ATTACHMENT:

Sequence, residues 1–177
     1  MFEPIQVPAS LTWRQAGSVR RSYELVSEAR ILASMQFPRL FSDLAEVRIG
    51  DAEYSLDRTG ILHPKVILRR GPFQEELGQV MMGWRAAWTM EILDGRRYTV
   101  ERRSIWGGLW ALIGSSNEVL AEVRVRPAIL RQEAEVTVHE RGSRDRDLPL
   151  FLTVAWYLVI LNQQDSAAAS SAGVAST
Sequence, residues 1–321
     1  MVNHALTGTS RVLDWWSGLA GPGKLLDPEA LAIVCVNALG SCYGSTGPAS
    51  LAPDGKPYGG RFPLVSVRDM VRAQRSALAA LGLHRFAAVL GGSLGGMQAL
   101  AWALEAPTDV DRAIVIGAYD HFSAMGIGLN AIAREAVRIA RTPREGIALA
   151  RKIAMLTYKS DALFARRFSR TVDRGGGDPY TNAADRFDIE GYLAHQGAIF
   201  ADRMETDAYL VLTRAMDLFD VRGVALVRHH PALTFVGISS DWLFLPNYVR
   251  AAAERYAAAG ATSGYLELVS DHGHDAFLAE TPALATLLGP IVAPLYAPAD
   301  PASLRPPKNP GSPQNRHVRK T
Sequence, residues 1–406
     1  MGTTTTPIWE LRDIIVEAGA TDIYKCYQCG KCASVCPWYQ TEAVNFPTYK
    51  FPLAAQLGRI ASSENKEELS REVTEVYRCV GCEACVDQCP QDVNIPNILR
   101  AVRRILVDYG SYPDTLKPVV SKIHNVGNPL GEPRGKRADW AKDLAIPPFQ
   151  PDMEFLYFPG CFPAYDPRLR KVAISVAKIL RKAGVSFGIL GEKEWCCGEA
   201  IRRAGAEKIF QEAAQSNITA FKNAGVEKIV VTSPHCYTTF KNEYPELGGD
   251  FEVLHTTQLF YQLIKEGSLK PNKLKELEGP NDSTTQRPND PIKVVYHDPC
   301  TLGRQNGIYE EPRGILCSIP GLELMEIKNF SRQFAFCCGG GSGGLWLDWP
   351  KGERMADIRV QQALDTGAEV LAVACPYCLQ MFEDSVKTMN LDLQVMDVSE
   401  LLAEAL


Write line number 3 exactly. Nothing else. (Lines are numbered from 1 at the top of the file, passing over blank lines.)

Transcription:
    51  DAEYSLDRTG ILHPKVILRR GPFQEELGQV MMGWRAAWTM EILDGRRYTV